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Re: XML Schema: DOs and DON'Ts

Wow, thank you for your comments!  I'm glad to know that at least one
person has read my document.

> 1.    I'm curious as to how you would validate an element that had either
> attributes and/or element descendants without using complex types. I may
> have missed a major point here but I can't see how to validate;

Well, as you know, completely removing the word "complexType" from your
schema is impossible. What I wanted to say is one should use complexType
only under <element> element, and one should never declare complexType

So as for your example, I would suggest

<element name="person">
    <group ref="person.contents"/>
    <attributeGroup ref="person.attributes"/>

> without defining a complex type to describe the content of person. So, are
> you saying "don't use complex types" or are you saying "don't use named
> complex types"?

The latter is my intention. Don't use named complex types.

> 2.    Restriction gives you more that just error checking. You also get a
> type relationship between the base type and the derived type.

Well, that is true. We get type hierarchy from complex types. But I
wonder what do we get from type relationship. I appreciate if you would
teach me what do we get from them.

In the future, maybe we'll have tools to do something useful with those
relationships. But there is no such tool. And tools like relaxer reveal
that tools can be equally useful without explicit type hierarchy.

Also, complex types give us type substitutability, which I failed to

> 3.    At the end of the day model groups only actually get used when they
> are referenced as part of a complex type definition.

Umm, I couldn't understand your point.

> 4.    Regarding your comment about attribute groups, why not just use a
> local attribute declaration? That *is* what you get anyway despite the
> syntactic sugar that, it would seem, makes you think otherwise.

Because I want to declare common attributes once and reference them frequently.

> <foo:person xmlns:foo="http://best.practice.com">
>   <familyName> KAWAGUCHI </familyName>
>   <lastName> Kohsuke </lastName>
> </foo:person>
> is 'bad use of XML namespaces'. I have lots and lots of places where I use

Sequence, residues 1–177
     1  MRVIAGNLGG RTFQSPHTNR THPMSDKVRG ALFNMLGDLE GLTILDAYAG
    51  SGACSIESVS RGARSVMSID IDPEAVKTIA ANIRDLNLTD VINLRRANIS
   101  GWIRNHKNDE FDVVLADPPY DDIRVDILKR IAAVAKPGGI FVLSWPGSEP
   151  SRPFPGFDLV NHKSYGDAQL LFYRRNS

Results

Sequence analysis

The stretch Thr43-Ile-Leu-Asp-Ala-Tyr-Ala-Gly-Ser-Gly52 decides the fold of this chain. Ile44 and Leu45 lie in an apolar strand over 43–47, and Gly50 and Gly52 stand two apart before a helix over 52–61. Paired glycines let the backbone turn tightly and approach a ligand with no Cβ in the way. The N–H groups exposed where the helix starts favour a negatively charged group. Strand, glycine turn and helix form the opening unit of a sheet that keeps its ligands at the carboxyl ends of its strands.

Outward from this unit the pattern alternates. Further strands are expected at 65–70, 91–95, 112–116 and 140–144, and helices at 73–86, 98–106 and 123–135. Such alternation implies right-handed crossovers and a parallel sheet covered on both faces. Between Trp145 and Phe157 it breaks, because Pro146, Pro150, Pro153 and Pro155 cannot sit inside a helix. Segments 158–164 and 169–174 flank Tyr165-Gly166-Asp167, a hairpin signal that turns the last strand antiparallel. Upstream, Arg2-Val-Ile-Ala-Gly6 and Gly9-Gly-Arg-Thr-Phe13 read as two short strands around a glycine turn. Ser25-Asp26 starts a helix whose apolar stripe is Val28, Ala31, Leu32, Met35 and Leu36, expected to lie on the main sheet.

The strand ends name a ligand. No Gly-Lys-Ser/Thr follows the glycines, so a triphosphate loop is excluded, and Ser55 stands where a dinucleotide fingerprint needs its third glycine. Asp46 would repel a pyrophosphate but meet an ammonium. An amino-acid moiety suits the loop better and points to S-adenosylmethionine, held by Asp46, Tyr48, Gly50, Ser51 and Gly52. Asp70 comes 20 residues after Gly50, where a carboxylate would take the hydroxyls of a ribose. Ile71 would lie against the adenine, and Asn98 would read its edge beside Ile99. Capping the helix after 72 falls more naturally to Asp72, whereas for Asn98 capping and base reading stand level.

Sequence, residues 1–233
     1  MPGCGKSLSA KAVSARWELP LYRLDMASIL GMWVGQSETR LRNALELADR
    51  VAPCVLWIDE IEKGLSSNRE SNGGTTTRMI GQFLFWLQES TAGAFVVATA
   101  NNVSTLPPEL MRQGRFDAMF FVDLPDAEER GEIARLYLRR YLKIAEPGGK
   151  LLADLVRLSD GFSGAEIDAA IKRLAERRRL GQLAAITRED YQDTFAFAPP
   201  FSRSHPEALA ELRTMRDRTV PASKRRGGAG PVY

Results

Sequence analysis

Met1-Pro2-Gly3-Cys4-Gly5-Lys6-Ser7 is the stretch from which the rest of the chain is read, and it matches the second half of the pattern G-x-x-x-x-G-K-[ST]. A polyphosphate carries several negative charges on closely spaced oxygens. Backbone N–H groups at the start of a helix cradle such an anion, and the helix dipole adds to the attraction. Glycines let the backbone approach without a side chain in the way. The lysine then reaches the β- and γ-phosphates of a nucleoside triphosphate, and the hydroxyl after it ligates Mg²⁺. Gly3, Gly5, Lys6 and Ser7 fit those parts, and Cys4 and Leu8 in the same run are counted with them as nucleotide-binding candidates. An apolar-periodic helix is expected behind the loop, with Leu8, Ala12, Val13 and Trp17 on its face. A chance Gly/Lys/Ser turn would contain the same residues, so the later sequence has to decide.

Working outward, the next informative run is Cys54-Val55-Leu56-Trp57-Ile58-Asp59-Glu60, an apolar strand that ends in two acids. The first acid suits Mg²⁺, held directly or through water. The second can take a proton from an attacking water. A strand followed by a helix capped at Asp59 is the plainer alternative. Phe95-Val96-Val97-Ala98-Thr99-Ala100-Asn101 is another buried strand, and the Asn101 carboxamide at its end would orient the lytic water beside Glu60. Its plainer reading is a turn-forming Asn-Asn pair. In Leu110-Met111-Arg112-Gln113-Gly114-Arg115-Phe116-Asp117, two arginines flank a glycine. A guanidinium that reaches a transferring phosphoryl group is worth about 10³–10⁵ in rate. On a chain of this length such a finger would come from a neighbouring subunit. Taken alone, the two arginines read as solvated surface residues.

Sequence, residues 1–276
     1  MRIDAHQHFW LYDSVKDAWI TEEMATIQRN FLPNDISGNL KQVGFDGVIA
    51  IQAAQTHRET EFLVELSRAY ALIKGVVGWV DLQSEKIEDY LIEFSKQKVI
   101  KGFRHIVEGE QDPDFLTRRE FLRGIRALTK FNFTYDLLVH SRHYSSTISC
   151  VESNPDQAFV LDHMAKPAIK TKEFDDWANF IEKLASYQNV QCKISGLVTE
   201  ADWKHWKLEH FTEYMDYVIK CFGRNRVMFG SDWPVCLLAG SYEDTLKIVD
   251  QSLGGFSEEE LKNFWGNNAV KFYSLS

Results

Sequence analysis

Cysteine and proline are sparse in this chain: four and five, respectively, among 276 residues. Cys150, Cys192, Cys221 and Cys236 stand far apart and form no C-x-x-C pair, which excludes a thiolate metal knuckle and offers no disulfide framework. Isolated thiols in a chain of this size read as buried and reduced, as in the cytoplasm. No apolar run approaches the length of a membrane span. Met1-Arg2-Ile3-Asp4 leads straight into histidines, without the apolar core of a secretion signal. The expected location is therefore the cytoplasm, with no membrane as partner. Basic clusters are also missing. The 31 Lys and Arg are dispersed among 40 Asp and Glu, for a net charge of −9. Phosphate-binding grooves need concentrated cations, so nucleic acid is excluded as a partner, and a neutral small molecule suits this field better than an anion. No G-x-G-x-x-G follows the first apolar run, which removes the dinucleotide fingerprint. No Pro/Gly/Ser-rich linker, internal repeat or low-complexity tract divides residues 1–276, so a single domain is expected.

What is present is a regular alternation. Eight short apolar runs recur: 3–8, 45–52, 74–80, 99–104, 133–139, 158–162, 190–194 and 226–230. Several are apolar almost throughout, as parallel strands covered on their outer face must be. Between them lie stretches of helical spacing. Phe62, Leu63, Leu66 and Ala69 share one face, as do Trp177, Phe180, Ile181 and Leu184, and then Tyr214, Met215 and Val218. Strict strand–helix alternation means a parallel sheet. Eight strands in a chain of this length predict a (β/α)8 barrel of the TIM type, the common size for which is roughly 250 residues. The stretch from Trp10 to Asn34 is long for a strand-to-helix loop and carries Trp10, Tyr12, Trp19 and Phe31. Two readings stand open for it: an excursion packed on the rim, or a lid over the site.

> *exactly* that approach and it works very nicely for what I do. I don't
> think you can call this one way or the other. Neither approach is *wrong*,
> they're just different

I agree that there is no document that defines what is right and what is
wrong in XML namespaces. So I wrote what I believe.

I don't deny that my article contains some exaggerations :-)
But that statement about XML namespace is no exaggeration nor
simplification. It's my true feeling.

I know some people uses namespaces in that way, but I never really
understand why does this make sense. But I may miss the big point.

Again I'd appreciate if you would tell me why you wrote

<foo:person xmlns:foo="http://best.practice.com">
  <familyName> KAWAGUCHI </familyName>
  <lastName> Kohsuke </lastName>

instead of 

<person xmlns="http://best.practice.com">
  <familyName> KAWAGUCHI </familyName>
  <lastName> Kohsuke </lastName>

And how you can put your fragment into *** of the following container?

<?xml version="1.0"?>
<root xmlns="uri:myMightyXMLContainer">

> 7.    Chameleon schemas. I don't feel strongly about this but another way of
> looking at the problem is this; use local declarations instead if global
> declarations.

Apparently there are many things you can't write without global
declarations. You can't use local declaration "instead of" global ones.
You can only use local ones along with global ones.

However, I also failed to mention that local elements give you a power
to reuse the same tag name. That's another truth.

> P.S. All your namespace URIs for schema have a type they should be
> http://www.w3.org/2001/XMLSchema *not* http://www.w3.org/2001/XMSchema (
> note missing 'L' character )

Oops! thank you.

E-Mail: kohsukekawaguchi@yahoo.com